2016 Addendum–
Not a lot has changed since my last campaign. The city is still reacting instead of proactively trying to attract better and more diverse business opportunities. Incentives are still being provided for almost any business who applies—some business getting incentives who had already decided to invest in the city and just took advantage of the program.

This past year the city embarked on adopting a strategic economic development plan for the city. Preliminary discussions have pointed to the shortfalls noted above along with others. Adopting such a plan and declaring success, as done in the past, cannot be allowed to happen. We must make the investments in people, time and resources to carry it out. One of the significant opportunities to implementing the new economic development plan will be the hiring of a new Economic Development Director this summer.

It is also very important to meet our economic development goals that we do not lose site of the unique asset we have in attracting business which is the historic character and small town charm of Fredericksburg. Quality of life and sense of place are becoming important factors in a business’s decision on where to locate. Also, as this region continues to build out maintaining our historic character will also bring in more funds thorough tourism. In short—Historic Preservation is economic development.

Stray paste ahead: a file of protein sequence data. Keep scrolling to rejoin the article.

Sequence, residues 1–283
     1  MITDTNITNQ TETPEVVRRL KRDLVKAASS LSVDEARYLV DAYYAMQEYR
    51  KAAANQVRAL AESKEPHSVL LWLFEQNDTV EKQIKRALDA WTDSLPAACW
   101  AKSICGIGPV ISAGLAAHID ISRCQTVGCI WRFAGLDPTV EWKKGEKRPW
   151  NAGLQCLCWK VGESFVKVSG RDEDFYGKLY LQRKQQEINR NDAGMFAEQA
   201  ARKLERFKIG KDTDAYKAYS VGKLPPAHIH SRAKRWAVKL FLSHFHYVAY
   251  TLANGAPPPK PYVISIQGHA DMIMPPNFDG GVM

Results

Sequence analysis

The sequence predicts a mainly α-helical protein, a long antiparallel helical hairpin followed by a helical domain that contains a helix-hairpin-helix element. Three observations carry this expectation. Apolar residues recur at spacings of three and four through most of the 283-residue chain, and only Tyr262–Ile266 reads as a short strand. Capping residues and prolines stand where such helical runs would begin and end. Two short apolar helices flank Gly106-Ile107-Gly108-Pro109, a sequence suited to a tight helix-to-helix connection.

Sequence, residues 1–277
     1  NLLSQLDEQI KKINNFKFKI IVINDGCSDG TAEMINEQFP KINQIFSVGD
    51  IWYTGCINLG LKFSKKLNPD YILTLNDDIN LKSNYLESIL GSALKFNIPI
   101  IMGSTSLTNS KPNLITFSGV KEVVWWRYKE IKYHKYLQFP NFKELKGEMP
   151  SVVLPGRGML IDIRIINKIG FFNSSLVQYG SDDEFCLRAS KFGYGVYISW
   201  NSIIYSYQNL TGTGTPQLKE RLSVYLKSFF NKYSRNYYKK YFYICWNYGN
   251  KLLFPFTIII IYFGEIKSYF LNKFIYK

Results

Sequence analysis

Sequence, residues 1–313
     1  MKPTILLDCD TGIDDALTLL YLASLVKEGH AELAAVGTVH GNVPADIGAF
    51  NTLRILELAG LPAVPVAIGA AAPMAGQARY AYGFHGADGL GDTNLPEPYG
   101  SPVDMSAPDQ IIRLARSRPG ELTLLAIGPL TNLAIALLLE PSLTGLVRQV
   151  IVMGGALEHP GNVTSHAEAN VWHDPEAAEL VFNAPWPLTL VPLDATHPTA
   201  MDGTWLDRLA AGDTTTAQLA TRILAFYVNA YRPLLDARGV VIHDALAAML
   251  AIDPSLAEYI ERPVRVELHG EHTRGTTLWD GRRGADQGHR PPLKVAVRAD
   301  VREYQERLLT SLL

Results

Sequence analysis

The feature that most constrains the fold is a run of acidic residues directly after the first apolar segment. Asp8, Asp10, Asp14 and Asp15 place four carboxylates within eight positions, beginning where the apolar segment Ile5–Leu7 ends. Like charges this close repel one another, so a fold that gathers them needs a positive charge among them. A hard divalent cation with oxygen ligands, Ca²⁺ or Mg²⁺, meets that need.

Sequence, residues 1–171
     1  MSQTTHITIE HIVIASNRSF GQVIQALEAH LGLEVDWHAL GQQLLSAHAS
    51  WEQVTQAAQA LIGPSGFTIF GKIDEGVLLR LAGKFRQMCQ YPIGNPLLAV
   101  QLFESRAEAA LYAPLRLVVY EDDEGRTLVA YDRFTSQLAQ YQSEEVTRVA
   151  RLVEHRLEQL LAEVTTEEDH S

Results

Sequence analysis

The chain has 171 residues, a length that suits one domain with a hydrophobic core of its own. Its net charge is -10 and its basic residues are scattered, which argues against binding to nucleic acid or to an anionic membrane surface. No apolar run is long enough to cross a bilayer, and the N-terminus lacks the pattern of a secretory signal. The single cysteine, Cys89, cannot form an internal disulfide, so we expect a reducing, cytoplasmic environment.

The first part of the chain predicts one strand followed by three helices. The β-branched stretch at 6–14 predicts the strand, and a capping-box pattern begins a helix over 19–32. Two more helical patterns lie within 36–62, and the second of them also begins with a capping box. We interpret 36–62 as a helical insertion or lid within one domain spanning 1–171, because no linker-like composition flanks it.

“Even before the recent economic crash it was evident the city needed to diversify its tax base. The retail boom of the ’90s, which provided revenue for new schools, pools, and services, fell victim to regional competition, and as a result, revenues declined. Incentives were seen as an approach to deal with this problem.

Incentives through tax rebates were to be used to recruit businesses that provided higher-end employment or opportunities that would attract new visitors to the city. New businesses downtown would fit the city’s historic character. Better-paying jobs and tourism would not only help the city’s bottom line but also would help support existing businesses. The ultimate beneficiary would be city taxpayers.”

  • Ensure that incentives meet city goals of diversifying the tax base. IN the case of our historic downtown that businesses are compatible with its character.
  • Work actively with the local business/educational community to identify business opportunities and infrastructure issues that need to be addressed and how.
  • Be open to working with our regional neighbors on economic development opportunities

The Issues

Too often we are hearing from those in City Hall that they are doing what is required to inform the public. {more…}

No matter the adversity there are always opportunities. While presenting significant challenges to local governments in providing levels of service expected by residents {more…}

I cannot understand those who justify raising taxes because our tax rate is lower than other localities or those who opposes tax increases on the basis that taxes are too high. {more…}

“Even before the recent economic crash it was evident the city needed to diversify its tax base. {more…}

“As we consider the future development of our communities we must keep three simple truths in the fore front of our deliberations…” {more…}

“You’re going to get a lot of people pushing to open that river up,” Kelly said. “ {more…}

“At the end of the day, what I want to be able to do is say, alright, [GWRC], if you want to take care of transportation, these are the projects you’re going to need, this is how much it’s going to cost, this is how much we’re going to get from the state…{more…}